Good news for coffee addicts

COFFEE-drinkers were today buzzing from something else today after it emerged a caffeine high could help in the fight against dementia.New research suggests the drink, which has already been linked to a lower risk of Alzheimer's disease, protects the central nervous system from potentially harmful chemicals carried in the bloodstream.

COFFEE-drinkers were today buzzing from something else today after it emerged a caffeine high could help in the fight against dementia.

New research suggests the drink, which has already been linked to a lower risk of Alzheimer's disease, protects the central nervous system from potentially harmful chemicals carried in the bloodstream.

A study by the University of North Dakota used the equivalent to just one daily cup of coffee in their experiments on rabbits.

After 12 weeks of a high-cholesterol diet, the “blood brain barrier” in those given caffeine was far more intact than in those given no caffeine.

As experts now look forward to more research into whether the same effect could be seen in humans, ROSIE PEARCE The Evening Star went to see if coffee-house frequenters in Ipswich shared the same optimism.

SUSANNA Korznerwska, the manager of Caffé Nero, finds that the simple Americano is the most popular drink of choice for customers. She believes there's a simple reason that coffee shops are successful and popular: “It's the easy way to have coffee.”

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At the café they find that most takeaway orders are made in the morning, as customers use their lunch hour to properly relax with a coffee while sitting in. She didn't think the reports about Alzheimer's research would have an effect on custom.

CHRISTIAN Bargot, who was visiting Ipswich from Poland, said that he drinks “much too much” coffee, but as he lived in Colombia, the coffee capital of the world, for four years, this may not be too surprising!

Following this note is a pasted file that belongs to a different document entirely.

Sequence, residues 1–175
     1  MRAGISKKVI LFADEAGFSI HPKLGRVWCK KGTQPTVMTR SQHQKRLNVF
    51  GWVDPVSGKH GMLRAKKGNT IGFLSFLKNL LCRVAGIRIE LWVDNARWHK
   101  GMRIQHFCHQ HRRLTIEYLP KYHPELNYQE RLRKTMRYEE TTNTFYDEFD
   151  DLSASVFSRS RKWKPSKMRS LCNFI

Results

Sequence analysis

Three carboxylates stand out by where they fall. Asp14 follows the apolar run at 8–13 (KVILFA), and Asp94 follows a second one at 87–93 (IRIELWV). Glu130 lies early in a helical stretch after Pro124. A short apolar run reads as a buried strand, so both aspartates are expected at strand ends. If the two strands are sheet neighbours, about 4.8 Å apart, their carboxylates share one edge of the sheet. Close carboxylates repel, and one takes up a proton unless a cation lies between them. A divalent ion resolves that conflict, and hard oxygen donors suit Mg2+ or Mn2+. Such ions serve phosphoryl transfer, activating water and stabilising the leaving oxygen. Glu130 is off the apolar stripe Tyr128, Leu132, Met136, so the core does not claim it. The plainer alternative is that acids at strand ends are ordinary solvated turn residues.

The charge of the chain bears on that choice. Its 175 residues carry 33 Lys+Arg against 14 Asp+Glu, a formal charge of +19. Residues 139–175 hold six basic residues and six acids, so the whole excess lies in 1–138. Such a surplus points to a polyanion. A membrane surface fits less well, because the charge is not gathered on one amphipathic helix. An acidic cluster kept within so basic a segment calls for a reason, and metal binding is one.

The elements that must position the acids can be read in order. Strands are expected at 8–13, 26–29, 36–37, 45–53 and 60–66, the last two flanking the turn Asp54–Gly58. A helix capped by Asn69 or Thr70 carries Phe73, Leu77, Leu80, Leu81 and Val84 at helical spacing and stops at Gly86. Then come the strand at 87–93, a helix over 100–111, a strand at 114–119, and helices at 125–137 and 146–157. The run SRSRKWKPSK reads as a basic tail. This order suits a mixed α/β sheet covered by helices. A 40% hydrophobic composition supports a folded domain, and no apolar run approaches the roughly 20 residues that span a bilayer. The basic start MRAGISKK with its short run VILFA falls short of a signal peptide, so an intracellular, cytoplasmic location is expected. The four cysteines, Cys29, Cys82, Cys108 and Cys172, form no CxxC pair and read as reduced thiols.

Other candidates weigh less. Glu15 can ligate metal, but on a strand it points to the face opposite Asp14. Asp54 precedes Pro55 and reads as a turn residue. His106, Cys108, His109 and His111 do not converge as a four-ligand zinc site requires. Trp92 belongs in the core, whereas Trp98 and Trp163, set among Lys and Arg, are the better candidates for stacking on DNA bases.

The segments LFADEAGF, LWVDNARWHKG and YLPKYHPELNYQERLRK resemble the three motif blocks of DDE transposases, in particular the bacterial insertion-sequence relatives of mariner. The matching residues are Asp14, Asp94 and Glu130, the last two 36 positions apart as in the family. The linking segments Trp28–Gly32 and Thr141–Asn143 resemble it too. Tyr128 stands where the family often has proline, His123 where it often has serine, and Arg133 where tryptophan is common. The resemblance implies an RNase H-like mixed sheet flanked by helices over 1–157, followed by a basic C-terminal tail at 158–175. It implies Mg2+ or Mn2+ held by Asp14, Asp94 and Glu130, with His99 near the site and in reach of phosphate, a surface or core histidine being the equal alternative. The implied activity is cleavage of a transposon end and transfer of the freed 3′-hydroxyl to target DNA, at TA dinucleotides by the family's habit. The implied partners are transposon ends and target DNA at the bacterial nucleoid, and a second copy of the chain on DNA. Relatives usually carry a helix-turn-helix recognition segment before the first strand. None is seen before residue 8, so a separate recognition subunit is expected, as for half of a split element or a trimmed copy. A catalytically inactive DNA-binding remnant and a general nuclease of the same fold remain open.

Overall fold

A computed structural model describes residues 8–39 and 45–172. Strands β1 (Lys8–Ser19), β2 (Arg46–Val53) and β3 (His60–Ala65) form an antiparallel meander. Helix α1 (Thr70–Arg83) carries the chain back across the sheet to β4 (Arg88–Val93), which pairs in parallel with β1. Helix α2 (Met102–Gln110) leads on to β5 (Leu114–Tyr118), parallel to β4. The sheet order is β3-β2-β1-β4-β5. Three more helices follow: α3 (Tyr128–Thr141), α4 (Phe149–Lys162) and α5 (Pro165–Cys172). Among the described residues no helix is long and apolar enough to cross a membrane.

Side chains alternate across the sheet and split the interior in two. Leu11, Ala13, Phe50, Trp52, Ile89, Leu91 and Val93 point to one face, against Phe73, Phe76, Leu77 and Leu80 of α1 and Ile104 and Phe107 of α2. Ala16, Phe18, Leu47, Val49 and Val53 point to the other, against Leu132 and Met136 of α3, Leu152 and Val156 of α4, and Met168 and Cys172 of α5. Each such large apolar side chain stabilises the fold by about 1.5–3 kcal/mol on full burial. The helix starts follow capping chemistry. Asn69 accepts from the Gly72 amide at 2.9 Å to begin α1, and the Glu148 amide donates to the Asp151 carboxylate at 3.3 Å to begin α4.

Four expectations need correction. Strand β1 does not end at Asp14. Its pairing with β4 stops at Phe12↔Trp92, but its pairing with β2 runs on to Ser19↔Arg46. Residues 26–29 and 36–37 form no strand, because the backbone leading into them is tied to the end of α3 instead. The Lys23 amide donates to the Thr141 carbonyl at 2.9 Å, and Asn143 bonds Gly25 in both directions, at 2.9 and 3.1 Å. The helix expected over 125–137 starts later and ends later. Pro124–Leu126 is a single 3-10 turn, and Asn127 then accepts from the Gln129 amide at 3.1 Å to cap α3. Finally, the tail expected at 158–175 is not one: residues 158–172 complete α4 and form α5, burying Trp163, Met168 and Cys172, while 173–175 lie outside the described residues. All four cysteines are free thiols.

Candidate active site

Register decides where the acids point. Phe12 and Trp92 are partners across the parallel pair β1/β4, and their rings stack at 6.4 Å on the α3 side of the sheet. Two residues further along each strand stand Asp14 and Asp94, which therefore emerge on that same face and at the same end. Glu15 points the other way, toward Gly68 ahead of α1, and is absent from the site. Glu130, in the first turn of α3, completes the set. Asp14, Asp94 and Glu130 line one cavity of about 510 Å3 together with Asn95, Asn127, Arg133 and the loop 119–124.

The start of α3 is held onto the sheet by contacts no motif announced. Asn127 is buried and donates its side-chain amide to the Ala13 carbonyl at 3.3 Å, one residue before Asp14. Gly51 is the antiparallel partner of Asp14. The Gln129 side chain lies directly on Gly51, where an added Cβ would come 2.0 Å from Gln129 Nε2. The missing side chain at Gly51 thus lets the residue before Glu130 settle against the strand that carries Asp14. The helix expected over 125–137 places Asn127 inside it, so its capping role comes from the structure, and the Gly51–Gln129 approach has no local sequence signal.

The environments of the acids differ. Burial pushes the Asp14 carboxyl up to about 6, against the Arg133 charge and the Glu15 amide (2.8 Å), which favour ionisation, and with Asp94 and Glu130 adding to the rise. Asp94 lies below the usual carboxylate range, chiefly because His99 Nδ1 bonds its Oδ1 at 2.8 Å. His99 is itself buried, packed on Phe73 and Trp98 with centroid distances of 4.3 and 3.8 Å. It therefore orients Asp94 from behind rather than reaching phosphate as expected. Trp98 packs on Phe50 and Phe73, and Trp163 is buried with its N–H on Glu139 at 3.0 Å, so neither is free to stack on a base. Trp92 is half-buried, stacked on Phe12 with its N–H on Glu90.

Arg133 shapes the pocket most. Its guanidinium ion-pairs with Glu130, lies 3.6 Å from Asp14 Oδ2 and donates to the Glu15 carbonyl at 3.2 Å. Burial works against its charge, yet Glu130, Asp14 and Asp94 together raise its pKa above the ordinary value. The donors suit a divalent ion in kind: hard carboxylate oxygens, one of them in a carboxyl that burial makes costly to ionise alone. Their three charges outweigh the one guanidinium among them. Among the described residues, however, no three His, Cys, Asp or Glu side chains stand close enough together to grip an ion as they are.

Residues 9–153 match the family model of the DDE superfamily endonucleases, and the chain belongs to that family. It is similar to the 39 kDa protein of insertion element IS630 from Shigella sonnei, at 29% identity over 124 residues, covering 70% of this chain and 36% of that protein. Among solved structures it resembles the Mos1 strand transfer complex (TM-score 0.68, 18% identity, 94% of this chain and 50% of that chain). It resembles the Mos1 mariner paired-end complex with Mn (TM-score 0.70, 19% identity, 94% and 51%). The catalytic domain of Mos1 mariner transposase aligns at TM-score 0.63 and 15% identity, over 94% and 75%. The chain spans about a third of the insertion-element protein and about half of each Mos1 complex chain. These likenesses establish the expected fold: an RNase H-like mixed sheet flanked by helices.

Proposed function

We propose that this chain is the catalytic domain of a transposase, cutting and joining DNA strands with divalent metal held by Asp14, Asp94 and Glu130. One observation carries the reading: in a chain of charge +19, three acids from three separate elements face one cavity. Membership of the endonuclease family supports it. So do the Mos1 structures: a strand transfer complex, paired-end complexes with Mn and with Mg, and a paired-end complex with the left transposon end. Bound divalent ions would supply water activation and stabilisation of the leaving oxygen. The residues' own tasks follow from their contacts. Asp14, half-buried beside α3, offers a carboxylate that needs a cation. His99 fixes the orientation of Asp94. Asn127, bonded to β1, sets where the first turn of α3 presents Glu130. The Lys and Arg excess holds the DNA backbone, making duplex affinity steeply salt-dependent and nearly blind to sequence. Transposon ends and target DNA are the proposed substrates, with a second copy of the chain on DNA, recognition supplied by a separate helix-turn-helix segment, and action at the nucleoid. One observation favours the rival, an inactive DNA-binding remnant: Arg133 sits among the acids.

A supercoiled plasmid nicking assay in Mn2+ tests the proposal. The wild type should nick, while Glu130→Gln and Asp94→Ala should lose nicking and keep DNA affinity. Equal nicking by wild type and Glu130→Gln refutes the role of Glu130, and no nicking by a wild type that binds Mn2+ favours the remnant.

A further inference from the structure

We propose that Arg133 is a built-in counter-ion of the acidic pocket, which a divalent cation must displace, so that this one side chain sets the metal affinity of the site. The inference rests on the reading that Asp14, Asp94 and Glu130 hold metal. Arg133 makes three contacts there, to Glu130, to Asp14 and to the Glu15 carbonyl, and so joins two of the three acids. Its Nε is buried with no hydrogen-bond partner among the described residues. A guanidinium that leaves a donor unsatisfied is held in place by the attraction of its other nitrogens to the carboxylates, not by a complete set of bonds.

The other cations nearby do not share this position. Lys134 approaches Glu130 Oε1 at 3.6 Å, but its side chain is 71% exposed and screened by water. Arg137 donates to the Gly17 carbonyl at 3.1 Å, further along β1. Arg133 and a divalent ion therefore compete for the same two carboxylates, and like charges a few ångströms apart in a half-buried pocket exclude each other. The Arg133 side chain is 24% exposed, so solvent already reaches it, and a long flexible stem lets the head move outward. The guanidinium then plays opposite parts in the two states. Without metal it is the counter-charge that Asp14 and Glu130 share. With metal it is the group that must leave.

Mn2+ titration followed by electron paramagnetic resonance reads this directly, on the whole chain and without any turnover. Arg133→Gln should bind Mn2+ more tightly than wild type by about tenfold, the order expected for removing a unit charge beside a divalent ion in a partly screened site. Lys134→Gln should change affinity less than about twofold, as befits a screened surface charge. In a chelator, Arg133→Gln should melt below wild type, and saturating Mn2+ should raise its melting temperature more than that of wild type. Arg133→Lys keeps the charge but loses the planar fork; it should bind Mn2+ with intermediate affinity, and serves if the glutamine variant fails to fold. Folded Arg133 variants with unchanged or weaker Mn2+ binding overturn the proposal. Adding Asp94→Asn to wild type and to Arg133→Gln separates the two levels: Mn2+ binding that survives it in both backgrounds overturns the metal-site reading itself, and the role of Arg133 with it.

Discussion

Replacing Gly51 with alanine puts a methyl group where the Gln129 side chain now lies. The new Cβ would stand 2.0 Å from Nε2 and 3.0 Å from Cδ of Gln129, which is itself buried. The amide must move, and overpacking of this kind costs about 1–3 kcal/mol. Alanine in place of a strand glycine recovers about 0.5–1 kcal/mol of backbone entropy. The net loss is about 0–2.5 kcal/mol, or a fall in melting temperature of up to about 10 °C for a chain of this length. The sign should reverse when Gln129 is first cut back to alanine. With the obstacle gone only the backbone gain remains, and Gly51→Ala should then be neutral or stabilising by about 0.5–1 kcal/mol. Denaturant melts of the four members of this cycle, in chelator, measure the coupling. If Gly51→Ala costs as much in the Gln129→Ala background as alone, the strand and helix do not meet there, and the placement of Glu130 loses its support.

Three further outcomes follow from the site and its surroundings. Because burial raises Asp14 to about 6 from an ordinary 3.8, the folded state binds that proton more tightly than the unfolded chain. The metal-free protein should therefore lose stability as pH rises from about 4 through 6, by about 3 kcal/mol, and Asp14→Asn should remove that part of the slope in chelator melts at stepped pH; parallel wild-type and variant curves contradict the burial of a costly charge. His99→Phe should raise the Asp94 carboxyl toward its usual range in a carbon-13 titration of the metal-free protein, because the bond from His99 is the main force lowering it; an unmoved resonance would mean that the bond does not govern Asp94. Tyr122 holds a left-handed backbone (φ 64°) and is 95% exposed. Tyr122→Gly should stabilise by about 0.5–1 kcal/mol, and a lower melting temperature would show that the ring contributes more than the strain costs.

He was brought up drinking coffee and declares himself to be a 'coffee addict.'

However he added: “If you drink everything in moderation it's OK.” He thought that we should probably listen to reports about the health concerns and benefits of coffee, but was not sure that people do take notice.

THE beverage of choice for Karen Woodman, of Valley Road, Leiston, is black coffee. Working with mental health patients, she says that she does take notice of such reports as that about Alzheimer's, although she hadn't heard about this specific study.

She didsn't think that she herself drinks too much, and believed that more and more people were choosing the healthy options like fruit teas, as she herself was drinking.

REBECCA Adams, of Clifton Wood, Holbrook, chooses iced latté as her favourite coffee variety. However, she drinks coffee rarely and so is not worried about her own intake. As far as research into the health benefits or problems of drinking coffee is concerned, she said: “Wheter I take notice depends on what proof there is.” She didn't think that the study was necessarily worth any interest as it was carried out on rabbits.

JILL Webb, of Fishponds Lane, Holbrook, drinks two to three cups of coffee a day, her favourite type being latté. She doesn't think that she drinks too much, and in general doesn't take much notice of health reports about coffee. She hadn't heard about the new Alzheimer's study and said that 'there is a new report every day,' so there was little use in living by them.

JOHN Huw Evans, of Woodbridge Road, Ipswich, drinks '”a couple of mugs” of coffee every day, and doesn't think that he drinks too much, although he used to! Of the new report, he said: “I'd like to think that it's true but I'm not sure about how reliable it is.”

He visits the coffee house every day and thinks it's nice just to sit and relax while enjoying a cup of coffee, rather than just rushing with a takeaway drink.